Today I went armed with $30 to the Farmer's Market. I ended up only spending $17 as we have a bunch of apples leftover from last week's grocery trip and I decided to resist bread, cheeses and other non-produce deliciousness for reasons of my waistline. :)
What did I get for $17?
5 sweet potatoes, 1 large bag (probably at least 1lb) of mixed salad greens, 1 small bag of arugula, 3 leeks and 4 parsnips. With this haul (plus things from my pantry), I plan to make Leek and Bacon Frittata served with mixed greens in a lemony vinaigrette, Spring Pesto (made using arugula instead of basil) over pasta, and maybe roasted sweet potatoes and parsnips to go with grilled chicken if the weather continues to be nice.
This will be enough produce for us for dinner for the week.
What else was there at the market?
There was, of course, the non-produce vendors...lots of meat, cheese, baked good, soap, prepared foods, coffee, etc. purveyors. The produce was mostly root vegetables (potatoes, turnips, radishes, beets, etc) and storage fruits (like apples and pears) with some lettuces and leafy greens thrown in. There were also seedlings available...including basil and tomatoes.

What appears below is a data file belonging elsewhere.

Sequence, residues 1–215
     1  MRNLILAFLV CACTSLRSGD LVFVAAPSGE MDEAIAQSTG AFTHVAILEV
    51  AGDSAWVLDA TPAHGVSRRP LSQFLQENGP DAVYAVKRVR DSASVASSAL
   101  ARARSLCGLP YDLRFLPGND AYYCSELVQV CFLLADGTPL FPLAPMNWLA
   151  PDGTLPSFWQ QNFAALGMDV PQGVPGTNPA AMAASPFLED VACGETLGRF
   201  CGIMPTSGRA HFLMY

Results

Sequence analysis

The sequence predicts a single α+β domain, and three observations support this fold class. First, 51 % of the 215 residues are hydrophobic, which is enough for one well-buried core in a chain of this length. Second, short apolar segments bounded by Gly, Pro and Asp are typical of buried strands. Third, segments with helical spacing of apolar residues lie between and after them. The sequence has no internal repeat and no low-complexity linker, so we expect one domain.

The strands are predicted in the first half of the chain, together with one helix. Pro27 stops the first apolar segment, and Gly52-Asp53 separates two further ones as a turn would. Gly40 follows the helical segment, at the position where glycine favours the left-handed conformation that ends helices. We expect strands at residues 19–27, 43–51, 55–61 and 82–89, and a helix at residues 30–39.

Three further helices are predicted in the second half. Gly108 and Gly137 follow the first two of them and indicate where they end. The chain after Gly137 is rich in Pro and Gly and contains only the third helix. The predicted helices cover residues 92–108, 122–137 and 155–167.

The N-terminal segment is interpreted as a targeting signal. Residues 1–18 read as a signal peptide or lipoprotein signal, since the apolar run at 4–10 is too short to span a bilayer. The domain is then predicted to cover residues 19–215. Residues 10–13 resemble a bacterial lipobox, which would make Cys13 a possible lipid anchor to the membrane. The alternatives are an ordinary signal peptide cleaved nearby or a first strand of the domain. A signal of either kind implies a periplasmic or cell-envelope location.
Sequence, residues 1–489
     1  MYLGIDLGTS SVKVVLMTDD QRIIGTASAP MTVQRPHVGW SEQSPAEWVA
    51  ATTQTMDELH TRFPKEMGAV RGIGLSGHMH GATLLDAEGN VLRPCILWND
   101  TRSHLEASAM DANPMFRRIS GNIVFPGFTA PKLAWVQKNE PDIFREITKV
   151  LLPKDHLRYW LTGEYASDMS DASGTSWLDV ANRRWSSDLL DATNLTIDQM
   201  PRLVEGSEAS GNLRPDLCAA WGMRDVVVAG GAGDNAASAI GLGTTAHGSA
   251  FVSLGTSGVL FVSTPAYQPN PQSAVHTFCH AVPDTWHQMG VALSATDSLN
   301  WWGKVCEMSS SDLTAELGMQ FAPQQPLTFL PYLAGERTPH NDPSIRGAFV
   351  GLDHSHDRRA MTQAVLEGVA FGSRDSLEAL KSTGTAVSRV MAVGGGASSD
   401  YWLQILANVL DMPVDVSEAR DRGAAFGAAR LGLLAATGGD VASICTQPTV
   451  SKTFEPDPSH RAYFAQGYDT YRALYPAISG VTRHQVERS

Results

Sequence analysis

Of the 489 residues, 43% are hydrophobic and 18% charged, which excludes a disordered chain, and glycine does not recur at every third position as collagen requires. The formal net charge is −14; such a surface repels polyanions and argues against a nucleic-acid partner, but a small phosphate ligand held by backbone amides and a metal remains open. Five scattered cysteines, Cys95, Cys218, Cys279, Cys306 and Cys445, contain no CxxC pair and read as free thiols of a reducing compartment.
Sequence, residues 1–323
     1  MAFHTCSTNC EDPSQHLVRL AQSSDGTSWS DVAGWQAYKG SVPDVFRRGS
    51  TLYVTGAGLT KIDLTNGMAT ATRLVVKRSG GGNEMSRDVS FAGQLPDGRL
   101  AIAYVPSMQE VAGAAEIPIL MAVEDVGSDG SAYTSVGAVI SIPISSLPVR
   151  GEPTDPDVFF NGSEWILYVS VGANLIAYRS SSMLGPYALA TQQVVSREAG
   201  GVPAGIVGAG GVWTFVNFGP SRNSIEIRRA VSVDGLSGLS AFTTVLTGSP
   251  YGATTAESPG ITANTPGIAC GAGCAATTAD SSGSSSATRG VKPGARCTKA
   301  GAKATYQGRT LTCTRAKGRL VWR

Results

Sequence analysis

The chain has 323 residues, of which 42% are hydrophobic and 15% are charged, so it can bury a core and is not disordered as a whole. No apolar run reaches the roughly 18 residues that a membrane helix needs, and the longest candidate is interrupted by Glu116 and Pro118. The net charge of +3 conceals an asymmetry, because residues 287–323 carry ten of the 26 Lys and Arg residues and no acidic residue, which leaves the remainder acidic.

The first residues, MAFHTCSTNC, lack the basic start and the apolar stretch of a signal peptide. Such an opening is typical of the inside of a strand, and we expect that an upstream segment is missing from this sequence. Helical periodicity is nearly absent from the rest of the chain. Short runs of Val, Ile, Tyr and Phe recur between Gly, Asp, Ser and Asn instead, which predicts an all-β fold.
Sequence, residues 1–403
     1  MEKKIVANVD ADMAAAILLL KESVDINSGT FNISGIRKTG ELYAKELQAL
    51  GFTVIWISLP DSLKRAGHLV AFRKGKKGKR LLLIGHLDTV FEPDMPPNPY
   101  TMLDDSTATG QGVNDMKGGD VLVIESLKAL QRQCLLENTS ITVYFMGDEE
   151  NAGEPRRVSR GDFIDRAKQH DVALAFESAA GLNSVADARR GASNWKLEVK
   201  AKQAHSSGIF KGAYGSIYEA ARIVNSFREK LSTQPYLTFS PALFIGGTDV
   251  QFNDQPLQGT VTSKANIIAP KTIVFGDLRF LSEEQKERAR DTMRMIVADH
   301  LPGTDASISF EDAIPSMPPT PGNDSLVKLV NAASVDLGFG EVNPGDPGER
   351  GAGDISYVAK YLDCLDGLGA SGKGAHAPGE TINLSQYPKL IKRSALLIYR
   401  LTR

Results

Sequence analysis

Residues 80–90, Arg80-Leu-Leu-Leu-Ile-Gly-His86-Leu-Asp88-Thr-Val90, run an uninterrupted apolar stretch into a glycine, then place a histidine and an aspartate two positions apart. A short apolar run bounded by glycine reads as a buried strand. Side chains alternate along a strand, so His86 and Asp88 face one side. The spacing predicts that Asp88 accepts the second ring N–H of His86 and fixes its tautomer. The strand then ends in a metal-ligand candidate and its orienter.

Why are people selling basil and tomatoes now? At least put a warning label on them! While the air temperature may be a balmy 75*F today, that's not going to last and the soil temperature isn't that warm. You plop a tomato in temperatures that are just now coaxing daffodils to bloom, the plant is going to go all "What is THIS?!?" on you. Planting before the soil and air temperatures cooperate isn't going to give you an early harvest. If anything, it might inhibit the plant's overall growth, according to a horticulturalist on the local news last night. I don't blame the people that are buying these plants; they are probably just over-eager, very excited new gardeners. I blame the people selling these plants too early and without any mention that they need to be kept inside.